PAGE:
I’m sitting here in the indieWIRE condo for what is thankfully my last night in Park City (not that I didn’t have fun, I’m just horribly exhausted and craving normalcy). I’m spending it jamming sweaters into an overstuffed suitcase, catching up on e-mails, and watching a post-SAG awards TBS airing of Dumb and Dumber, which I haven’t seen in years but am realizing quickly I can also recite word for word (over the winter of ’95 I probably saw it five times at the movie theatre). Oddly enough, it stars Jim Carrey and Jeff Daniels, who also headlined my two least favourite Sundance ’09 films: I Love You Phillip Morris and Arlen Faber.
Cinematic complaints aside (and there really weren’t too many beyond those two), my second Sundance offered a really lovely mix of original and satisfying filmmaking, most notably Lee Daniels‘ Push: Based on a novel by Sapphire, which ended up winning both the grand jury prize and audience award for U.S. narrative. Here’s both of Daniels’ speeches from last night’s ceremony:
Push tells the story of Precious Jones (Gabourney Sidibe), an obese, illiterate Harlem teenager pregnant with her father’s child and living with her psychotic mother (played by Mo’Nique in a brilliant, fucking terrifying performance). This one-sentence summary doesn’t exactly make “Push” sound like a fun time at the movies, and often its not: It depicts some pretty intense physical, emotional and sexual abuse. But it’s also remarkably funny at times, and takes some stylistic chances (most notably fantasy sequences) that bring some needed moments of lightness to the film despite usually being my greatest cinematic pet peeve.
Most importantly though, “Push” accessibly represents a whole slew of themes and characters rarely (if ever) depicted on screen with this kind of poignance of authenticity: African-American female youth, poverty, AIDS, African-American homosexuality, the late 1980s, illiteracy, sexual abuse… You’d think that mixing this many issues together might create some serious potential for overwrought or overly sentimental results, but “Push” is just too creative and too raw to ever feel bogged down. Its final act left me emotionally wounded in a way that’s totally indebted to an obvious passion and connection Daniels’ had with the material and the totally ballsy and uncompromising way he went about executing it.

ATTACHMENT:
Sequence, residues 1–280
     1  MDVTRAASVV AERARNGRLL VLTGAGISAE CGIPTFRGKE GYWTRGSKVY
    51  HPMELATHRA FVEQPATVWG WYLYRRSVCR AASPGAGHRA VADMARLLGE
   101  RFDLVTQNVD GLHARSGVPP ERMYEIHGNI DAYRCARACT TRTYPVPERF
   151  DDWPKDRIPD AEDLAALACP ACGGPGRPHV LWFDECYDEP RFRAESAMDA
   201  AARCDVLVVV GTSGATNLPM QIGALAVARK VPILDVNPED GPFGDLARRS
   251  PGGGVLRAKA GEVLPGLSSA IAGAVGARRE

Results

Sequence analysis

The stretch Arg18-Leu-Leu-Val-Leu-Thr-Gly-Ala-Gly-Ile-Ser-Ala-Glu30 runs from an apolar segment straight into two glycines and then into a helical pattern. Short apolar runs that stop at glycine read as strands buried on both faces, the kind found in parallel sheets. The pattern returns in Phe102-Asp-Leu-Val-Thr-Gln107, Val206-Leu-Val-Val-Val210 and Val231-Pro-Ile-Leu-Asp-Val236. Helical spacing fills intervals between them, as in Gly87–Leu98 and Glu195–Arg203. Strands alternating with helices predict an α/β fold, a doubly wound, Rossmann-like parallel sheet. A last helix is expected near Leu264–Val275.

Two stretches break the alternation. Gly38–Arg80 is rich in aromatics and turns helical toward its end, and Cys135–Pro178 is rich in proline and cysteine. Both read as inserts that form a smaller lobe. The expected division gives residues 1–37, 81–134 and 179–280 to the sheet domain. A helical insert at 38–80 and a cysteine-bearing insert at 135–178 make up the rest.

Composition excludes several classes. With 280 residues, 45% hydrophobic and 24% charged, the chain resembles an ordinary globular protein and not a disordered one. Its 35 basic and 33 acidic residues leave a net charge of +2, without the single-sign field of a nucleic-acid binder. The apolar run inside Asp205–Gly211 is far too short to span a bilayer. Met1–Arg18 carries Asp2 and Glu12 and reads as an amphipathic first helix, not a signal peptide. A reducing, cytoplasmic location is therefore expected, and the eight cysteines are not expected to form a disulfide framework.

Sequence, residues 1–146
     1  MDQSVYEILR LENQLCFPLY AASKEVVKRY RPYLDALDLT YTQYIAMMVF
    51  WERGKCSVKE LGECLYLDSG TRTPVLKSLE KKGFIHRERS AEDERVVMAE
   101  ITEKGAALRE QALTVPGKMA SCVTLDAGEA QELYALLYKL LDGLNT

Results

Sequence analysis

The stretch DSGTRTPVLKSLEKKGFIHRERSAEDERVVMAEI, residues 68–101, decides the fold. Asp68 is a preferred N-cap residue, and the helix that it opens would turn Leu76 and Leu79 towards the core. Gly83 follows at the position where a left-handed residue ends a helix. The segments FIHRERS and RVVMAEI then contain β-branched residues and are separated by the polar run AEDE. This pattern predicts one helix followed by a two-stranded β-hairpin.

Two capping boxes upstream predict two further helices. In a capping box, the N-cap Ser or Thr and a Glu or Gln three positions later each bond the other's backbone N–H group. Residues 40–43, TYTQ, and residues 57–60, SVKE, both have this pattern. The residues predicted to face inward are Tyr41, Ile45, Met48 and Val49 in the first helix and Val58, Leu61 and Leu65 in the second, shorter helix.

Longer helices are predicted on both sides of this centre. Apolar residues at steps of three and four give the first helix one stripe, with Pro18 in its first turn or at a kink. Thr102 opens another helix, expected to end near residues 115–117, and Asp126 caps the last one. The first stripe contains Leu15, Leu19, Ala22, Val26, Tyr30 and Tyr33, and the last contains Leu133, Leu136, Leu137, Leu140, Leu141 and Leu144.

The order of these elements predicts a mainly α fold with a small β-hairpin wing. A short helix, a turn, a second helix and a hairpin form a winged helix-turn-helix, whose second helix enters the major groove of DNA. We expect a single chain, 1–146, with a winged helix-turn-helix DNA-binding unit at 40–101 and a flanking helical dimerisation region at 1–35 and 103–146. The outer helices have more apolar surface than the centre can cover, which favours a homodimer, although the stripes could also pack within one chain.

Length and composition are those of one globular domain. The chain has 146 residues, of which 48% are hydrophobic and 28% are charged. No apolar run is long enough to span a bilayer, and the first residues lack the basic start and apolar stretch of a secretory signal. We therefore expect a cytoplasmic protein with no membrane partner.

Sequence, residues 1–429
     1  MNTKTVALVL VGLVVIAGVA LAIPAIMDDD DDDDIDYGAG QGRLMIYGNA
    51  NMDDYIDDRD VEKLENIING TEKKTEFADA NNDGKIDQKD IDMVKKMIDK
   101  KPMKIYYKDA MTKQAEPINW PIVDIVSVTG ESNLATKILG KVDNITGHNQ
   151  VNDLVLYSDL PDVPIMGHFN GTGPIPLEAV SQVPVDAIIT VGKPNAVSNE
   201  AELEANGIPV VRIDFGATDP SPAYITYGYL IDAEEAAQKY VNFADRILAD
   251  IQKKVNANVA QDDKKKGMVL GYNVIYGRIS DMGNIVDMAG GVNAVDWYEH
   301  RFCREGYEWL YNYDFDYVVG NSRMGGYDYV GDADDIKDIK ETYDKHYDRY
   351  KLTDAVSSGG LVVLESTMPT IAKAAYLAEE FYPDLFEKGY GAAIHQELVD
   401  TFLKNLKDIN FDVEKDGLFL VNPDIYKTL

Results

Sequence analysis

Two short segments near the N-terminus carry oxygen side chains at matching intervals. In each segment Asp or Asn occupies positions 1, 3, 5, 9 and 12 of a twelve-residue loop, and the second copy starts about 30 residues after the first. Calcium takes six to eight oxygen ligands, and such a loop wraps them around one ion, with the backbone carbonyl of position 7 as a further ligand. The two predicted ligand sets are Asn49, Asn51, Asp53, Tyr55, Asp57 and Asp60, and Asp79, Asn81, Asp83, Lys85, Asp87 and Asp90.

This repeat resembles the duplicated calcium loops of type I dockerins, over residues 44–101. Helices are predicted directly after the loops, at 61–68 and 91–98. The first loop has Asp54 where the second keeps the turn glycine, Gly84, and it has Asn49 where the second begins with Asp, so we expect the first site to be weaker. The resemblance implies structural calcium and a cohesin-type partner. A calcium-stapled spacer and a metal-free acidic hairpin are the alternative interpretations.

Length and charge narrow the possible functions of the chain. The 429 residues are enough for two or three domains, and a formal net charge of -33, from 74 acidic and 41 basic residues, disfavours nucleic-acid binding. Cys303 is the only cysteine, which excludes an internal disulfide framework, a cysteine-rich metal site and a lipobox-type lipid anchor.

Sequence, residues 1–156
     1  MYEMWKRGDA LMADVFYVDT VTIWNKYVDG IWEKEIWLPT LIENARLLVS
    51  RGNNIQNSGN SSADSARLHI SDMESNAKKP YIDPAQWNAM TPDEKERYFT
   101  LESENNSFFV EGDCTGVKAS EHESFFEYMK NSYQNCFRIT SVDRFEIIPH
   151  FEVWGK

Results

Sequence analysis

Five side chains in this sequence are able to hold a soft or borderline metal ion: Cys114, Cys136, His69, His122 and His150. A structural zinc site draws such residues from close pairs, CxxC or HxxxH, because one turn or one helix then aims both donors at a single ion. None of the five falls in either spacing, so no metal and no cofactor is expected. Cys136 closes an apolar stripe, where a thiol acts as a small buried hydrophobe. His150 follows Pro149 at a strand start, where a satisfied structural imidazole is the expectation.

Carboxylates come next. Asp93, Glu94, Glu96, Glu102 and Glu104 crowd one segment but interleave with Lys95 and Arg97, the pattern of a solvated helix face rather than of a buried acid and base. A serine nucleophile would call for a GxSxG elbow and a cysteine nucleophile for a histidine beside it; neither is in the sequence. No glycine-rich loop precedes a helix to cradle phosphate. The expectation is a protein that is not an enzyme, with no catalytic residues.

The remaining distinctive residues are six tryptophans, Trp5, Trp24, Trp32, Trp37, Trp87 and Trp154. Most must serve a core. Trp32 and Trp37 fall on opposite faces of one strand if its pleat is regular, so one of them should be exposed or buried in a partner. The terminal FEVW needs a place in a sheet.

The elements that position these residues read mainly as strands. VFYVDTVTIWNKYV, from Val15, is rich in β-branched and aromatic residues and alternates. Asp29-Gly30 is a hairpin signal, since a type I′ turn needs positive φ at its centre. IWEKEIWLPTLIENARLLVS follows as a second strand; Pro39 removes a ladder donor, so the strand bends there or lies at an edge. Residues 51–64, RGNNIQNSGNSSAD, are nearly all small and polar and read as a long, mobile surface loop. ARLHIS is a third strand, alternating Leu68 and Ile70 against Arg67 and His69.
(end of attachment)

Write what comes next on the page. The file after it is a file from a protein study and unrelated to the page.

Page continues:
I also give the film some serious credit for managing to utilize the as-yet-undiscovered acting talents Mariah Carey, Lenny Kravitz and Sherri Shepard, each giving fantastic, nearly unrecognizable performances as Precious’ social worker, nurse and school secretary, respectively.
Other Sundance ’09 standouts, for me, included Lynn Shelton‘s Humpday, which involves two straight male friends attempting to have sex on video for “art’s sake.” I was really skeptical going in. But its indie sensibility and pitch-perfect performances allowed it to push way past what some Hollywood film (cough, I Now Pronounce You Chuck and Larry) might have done with the topic. Totally improvised, the film was was not only hysterically funny (in a way that was never once offensive to homosexuality), but also managed a really perceptive character study of two heterosexual males struggling with their open-mindedness. Its a film that is going to make a lot of heterosexual men really uncomfortable, but in the best possible way: I’d hope at least, that it might make them consider their relationships to each other, to homophobia – which can at times be a inherited force in a lot of people that’s beyond their control, to each other, and to their egos.
I could go on about a few other films (Lone Scherfig‘s Oscar bound An Education and Sophie Barthes‘s Cold Souls in particular), but I need to get back to stuffing that suitcase and prepping for a day of airport and plane related hell. Until 2010, Sundance…